Hard-Fi have also squeezed a fifth single from their debut. 'Better Do Better' is actually quite likeable. Slower-paced and actually sounding slightly different from the identical sounding batch of singles they've produced before - it's a welcome change, even if the song really shows up the weakness in Richard Archer's vocals.

The Crimea's brilliant 'White Russian Galaxy' is out this week, instead of last, so that's my SOTW.

And onto our open blog...
Lorraine - I Feel It (official site)
Though technically a re-release (I bought it off iTunes quite sometime ago), this song is the first most people will have heard from Lorraine. They've ditched the slightly rockier sound from their first album, The Perfect Cure, and replaced it with an exhilirating electro-pop soundscape and catchy melody that has had people comparing them to the Pet Shop Boys, amongst others. To get the most out of the song, turn it up loud and throw your arms about like in the video. If you can arrange a helicopter to fly over your head too, so much the better.
Review by Julia.

Lady Sovereign - Blah, Blah (official site and video)
With the UK urban scene currently subdivided into genres with names that suggest they were made up by Chris Morris, it has yet to produce an international star. Judging by the video, it looks like her record company are expecting big things from Lady Sovereign despite the fact her previous singles have barely made a dent on the Top 40. However, their hopes are not entirely unjustified as she has been collecting high profile admirers from the other side of the Atlantic. As well as working with the Beastie Boys and receiving support from Missy Elliott she has become the first UK act signed to Def Jam Records.

Despite this Blah Blah's lyrics are unapologetically provincial (not surprising since this is one of the first songs she wrote). It will, no doubt, further cement her role as Queen of the Chavs (as if it needed cementing after she turned up to her sister’s wedding in a white tracksuit). Since its early demo version the track has been much cleaned up by Basement Jaxx who also add a superb guitar riff to the mix.However, it’s hard to believe that it will win many converts from those who remained unimpressed by the joys of Cha Ching and Random.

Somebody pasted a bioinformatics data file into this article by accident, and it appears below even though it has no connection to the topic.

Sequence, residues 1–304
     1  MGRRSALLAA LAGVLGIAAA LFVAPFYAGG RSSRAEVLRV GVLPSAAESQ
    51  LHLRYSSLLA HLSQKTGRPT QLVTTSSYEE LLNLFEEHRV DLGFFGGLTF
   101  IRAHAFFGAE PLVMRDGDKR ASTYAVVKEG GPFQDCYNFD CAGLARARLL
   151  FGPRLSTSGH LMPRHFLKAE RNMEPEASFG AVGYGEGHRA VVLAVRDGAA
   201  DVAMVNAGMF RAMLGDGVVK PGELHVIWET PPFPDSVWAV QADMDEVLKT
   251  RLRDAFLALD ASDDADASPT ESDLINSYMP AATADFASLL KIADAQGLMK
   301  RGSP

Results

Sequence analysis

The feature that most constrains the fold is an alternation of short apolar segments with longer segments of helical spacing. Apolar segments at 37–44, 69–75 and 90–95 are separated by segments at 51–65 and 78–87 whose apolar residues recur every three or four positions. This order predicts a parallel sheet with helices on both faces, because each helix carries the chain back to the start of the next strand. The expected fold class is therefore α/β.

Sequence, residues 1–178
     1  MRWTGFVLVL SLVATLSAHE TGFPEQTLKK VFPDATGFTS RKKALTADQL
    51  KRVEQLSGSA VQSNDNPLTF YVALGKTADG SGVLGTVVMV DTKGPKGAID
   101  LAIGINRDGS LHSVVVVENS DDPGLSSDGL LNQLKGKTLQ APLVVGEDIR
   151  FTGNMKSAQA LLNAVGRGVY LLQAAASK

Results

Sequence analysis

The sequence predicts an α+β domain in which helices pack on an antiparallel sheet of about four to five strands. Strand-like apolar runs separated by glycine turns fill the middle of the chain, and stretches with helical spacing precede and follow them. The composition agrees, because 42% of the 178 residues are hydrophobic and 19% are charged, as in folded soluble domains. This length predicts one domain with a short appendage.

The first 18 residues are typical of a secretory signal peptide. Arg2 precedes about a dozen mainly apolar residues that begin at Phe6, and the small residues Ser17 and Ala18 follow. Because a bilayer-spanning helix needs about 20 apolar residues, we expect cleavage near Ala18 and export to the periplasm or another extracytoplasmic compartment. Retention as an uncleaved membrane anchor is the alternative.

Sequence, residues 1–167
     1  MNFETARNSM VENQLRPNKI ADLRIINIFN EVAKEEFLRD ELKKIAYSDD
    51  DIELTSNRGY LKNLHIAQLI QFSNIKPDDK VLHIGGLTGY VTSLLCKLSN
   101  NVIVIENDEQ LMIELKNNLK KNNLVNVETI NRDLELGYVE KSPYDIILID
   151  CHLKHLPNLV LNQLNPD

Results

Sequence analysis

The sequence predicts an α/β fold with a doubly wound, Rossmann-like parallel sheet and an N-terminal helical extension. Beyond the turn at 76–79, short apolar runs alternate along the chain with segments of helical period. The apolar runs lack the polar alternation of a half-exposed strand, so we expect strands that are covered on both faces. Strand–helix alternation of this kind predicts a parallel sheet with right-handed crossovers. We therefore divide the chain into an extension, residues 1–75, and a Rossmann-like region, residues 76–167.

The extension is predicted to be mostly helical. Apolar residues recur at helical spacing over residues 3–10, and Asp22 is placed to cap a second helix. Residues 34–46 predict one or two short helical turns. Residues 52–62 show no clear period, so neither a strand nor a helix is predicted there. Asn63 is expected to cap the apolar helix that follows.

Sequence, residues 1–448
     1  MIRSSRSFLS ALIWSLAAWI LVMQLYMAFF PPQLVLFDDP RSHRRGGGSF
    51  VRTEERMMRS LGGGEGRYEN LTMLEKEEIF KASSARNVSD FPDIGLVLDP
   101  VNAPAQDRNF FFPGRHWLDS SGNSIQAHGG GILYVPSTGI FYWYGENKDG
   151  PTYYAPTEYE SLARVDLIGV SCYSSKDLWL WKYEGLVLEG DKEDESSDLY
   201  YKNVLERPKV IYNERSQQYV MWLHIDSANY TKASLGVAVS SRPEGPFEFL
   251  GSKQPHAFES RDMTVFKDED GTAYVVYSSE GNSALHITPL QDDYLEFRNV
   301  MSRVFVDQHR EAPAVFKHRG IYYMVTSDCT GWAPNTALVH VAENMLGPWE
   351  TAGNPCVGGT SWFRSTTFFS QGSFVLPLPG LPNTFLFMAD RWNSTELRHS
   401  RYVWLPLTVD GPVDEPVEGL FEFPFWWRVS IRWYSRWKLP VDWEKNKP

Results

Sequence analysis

Review by Woodshed, writer on our sister site We Love 1997

José González - Crosses (official site)
Just a few months ago José González was hardly known of in the UK. However, since his song ‘Heartbeats’ was re-released after being used in the Sony Bravia bouncing balls advert, he’s become one of the most popular artists of the moment.
‘Crosses’ is not as much of an immediate love as ‘Heartbeats’ was, but José’s guitar playing is as intricate and beautiful as ever, and is still without a doubt a very good song. The beauty of the song is added to with the lyrics (although they may be few) including the lines “Don't you know that I'll be around to guide you, through your weakest moments to leave them behind you”.
In a world where the charts are (usually) filled with boring, repetitive clones, José is definitely the shining star amongst them all. This song deserves to equal the success he had with ‘Heartbeats’.
Review by Kaytee.

All Releases: (ones Hannah's heard are in bold)